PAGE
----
Walking On Hot Coals

How can people walk barefoot on hot coals without getting burned?  Is it some mind trick?

Actually it's just science... and you can do it, too!

Physicist David Willey from the University of Pittsburgh physics department and 20/20 anchor John Stossel show how it's done:
Willey laid out 165 feet of lumber and set it aflame. As [they] waited for the lumber to turn into hot coals, he said that anyone can "fire-walk" in their bare feet, provided they keep moving, because when you touch burning wood or charcoal, the heat doesn't go instantly to your feet. You'd be burned if you walk on hot metal, but wood and charcoal don't conduct heat very well.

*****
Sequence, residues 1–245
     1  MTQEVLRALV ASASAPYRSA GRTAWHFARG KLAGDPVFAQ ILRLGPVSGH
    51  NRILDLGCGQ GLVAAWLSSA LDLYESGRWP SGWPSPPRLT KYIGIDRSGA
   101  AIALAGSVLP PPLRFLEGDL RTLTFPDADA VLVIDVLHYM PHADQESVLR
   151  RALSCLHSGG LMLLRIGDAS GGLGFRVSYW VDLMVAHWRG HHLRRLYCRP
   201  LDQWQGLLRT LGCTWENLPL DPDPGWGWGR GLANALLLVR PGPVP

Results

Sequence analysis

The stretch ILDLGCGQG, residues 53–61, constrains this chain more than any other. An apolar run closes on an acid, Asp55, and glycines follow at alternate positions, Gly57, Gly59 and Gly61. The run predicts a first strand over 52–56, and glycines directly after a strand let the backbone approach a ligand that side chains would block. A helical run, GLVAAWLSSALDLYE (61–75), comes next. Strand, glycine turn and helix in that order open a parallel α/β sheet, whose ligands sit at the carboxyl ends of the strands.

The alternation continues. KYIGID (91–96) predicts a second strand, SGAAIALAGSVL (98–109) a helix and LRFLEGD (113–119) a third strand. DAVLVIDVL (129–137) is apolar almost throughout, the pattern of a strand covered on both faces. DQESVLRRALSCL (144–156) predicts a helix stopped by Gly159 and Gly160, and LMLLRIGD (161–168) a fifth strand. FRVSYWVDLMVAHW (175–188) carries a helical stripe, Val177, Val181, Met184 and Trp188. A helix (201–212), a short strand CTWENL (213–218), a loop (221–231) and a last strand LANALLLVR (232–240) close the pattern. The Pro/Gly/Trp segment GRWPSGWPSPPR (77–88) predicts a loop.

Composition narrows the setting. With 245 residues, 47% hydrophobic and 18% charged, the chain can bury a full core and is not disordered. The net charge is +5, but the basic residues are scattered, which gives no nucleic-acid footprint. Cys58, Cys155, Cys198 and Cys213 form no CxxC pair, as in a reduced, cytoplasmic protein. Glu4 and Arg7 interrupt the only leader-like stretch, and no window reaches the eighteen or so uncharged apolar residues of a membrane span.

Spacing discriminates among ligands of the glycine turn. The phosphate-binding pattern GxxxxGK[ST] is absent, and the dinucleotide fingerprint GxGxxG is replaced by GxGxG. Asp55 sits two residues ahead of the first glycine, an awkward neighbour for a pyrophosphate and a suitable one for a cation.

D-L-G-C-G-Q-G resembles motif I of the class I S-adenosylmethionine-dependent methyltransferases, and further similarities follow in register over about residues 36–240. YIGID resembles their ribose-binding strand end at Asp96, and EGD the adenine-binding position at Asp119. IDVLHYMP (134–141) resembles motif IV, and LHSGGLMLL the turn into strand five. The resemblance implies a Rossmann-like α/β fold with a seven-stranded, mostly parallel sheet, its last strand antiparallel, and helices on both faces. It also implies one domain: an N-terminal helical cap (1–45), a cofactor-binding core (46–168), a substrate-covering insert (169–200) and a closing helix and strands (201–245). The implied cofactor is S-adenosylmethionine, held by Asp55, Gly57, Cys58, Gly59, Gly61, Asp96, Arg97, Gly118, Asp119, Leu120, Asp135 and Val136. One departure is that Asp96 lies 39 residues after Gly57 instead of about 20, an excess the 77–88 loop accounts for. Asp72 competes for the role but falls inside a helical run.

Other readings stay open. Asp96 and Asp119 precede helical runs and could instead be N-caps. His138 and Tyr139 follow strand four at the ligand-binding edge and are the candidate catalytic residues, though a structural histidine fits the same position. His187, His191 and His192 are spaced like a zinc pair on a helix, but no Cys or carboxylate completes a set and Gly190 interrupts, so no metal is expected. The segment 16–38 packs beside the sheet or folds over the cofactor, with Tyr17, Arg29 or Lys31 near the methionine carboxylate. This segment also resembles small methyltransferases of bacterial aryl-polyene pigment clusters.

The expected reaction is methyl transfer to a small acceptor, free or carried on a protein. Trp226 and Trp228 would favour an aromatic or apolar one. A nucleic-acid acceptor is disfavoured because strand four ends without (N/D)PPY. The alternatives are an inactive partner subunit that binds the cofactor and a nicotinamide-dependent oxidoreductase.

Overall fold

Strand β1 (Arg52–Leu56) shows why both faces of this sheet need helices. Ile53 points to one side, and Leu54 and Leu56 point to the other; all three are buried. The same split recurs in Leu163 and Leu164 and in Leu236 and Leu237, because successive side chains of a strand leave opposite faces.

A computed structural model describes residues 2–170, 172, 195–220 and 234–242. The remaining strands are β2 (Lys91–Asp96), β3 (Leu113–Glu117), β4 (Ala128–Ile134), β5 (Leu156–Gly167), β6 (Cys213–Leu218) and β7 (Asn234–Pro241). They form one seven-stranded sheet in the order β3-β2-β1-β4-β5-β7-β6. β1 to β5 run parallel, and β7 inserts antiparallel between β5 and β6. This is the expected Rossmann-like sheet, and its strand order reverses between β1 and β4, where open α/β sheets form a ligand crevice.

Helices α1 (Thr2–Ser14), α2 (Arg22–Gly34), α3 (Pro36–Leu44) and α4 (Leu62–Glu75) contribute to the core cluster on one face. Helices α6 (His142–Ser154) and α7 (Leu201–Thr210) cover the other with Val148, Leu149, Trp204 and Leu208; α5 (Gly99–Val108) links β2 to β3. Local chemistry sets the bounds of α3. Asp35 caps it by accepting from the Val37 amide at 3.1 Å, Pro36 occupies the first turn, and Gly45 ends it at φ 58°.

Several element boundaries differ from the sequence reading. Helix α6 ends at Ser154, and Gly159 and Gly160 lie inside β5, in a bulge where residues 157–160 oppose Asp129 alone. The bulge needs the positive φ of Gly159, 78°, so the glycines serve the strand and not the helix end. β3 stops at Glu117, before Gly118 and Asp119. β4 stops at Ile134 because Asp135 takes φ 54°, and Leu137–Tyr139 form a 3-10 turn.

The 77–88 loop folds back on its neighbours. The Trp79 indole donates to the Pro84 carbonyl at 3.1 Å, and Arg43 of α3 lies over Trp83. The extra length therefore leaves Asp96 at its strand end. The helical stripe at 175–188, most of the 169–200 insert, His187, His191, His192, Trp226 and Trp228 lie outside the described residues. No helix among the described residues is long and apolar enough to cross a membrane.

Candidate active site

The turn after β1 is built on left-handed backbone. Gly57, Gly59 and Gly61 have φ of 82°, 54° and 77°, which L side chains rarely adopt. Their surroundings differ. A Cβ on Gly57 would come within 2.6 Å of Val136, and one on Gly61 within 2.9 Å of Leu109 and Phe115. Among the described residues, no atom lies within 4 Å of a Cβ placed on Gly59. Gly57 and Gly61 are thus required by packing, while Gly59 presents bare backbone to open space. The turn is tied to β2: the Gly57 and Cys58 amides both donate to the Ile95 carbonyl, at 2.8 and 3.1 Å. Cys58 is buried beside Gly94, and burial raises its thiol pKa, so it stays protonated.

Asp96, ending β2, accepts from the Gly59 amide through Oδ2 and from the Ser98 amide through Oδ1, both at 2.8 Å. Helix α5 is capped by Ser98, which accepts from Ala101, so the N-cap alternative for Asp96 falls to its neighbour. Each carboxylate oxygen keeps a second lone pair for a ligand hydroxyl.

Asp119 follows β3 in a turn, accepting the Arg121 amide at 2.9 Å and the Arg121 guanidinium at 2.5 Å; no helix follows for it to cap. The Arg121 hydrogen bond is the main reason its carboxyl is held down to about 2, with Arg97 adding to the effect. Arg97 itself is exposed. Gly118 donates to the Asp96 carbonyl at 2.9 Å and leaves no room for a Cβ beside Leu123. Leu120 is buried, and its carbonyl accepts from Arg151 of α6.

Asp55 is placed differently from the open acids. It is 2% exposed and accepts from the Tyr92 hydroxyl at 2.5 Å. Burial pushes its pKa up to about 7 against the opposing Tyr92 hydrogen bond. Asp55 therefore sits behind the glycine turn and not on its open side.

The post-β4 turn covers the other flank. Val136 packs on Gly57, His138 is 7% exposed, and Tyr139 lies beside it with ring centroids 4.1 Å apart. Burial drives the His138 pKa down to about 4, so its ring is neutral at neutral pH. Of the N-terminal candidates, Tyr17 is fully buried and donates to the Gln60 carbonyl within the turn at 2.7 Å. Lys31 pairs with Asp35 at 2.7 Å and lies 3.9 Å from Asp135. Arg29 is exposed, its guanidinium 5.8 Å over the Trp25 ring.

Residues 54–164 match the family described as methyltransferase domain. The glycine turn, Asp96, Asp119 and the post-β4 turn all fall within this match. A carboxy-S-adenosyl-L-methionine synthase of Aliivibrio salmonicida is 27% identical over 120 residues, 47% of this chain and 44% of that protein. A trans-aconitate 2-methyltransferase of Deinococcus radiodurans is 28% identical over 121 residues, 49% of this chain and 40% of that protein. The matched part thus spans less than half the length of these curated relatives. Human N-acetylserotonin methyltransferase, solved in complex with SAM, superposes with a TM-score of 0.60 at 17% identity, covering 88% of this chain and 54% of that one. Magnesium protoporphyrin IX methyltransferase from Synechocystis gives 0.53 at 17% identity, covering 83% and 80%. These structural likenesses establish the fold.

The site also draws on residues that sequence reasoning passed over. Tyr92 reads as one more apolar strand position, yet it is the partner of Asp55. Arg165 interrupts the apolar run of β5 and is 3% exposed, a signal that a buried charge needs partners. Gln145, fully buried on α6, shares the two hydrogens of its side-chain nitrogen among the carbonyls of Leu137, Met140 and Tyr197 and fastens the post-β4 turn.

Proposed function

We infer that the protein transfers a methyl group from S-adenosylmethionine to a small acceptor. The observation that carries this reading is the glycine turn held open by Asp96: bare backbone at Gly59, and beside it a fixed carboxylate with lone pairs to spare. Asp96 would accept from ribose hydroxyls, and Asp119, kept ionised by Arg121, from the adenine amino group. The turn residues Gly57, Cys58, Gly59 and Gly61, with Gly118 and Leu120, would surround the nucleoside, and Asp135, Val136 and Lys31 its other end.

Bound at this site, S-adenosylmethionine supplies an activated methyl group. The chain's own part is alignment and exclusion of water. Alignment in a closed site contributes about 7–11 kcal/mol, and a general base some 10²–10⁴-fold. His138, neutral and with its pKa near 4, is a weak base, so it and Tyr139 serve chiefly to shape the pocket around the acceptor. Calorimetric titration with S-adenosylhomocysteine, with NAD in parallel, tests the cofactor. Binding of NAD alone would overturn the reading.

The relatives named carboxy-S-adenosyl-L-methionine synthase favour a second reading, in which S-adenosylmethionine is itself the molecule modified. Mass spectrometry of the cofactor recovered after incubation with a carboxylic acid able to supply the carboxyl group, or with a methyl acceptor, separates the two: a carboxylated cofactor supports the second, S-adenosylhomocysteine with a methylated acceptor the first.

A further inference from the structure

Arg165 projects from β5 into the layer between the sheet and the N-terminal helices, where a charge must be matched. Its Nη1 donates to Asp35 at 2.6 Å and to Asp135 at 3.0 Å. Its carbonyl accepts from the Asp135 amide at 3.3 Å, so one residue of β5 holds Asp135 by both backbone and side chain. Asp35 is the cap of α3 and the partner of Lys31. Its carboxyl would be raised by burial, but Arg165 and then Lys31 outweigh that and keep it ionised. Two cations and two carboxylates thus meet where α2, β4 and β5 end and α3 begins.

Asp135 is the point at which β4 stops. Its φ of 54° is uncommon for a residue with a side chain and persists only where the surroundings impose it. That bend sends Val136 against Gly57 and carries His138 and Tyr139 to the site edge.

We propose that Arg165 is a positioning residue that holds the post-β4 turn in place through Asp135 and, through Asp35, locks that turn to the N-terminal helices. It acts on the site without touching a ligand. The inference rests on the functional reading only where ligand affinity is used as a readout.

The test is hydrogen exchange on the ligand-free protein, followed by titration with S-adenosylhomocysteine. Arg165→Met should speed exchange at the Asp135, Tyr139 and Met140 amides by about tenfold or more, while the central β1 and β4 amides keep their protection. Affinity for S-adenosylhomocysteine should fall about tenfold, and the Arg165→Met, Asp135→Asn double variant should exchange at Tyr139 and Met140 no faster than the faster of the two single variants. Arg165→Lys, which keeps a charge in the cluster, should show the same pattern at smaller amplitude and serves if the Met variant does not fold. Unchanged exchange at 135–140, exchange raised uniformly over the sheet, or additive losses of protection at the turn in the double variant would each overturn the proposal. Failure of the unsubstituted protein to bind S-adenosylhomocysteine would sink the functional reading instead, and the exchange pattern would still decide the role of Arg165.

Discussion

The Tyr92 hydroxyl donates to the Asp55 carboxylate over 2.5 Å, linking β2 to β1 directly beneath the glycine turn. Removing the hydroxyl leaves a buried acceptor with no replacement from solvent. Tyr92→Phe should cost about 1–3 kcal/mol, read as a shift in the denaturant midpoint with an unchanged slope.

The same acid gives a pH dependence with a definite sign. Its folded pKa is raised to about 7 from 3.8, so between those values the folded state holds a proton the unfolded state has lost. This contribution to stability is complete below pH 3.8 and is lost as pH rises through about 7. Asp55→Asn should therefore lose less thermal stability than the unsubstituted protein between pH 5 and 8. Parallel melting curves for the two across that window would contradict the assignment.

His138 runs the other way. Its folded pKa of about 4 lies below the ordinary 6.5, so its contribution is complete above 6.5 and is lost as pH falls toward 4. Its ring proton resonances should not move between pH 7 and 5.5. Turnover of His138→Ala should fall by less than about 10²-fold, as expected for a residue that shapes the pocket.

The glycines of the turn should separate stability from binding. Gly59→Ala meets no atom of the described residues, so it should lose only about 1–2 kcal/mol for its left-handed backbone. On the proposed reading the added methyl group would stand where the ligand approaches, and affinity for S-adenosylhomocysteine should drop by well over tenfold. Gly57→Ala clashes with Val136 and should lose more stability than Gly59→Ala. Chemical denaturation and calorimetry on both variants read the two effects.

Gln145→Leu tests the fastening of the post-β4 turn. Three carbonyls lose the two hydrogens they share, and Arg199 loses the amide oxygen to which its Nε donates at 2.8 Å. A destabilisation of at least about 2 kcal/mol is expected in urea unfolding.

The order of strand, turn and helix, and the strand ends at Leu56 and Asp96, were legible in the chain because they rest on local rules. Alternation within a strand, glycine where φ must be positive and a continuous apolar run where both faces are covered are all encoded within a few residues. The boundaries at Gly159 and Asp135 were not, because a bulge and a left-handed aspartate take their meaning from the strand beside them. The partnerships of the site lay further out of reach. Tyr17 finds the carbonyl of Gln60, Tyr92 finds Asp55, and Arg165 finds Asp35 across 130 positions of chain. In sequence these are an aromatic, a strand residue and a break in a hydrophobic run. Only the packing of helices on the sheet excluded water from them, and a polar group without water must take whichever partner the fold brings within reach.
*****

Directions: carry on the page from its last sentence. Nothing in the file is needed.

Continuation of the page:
Hot coals can (slowly) roast a marshmallow and burn at a temperature of approximately 1000 degrees F. But it's a poor thermal conductor, so it takes a while to "conduct" (move) the heat from itself to whatever it's touching.  If you keep walking at an even pace on the coals your feet won't keep in contact with any coal long enough to burn them!  Plus, and this is pure speculation, the fact that the skin on your feet is so thick probably delays the heat transfer as well.

You're not so scary anymore, are ya?

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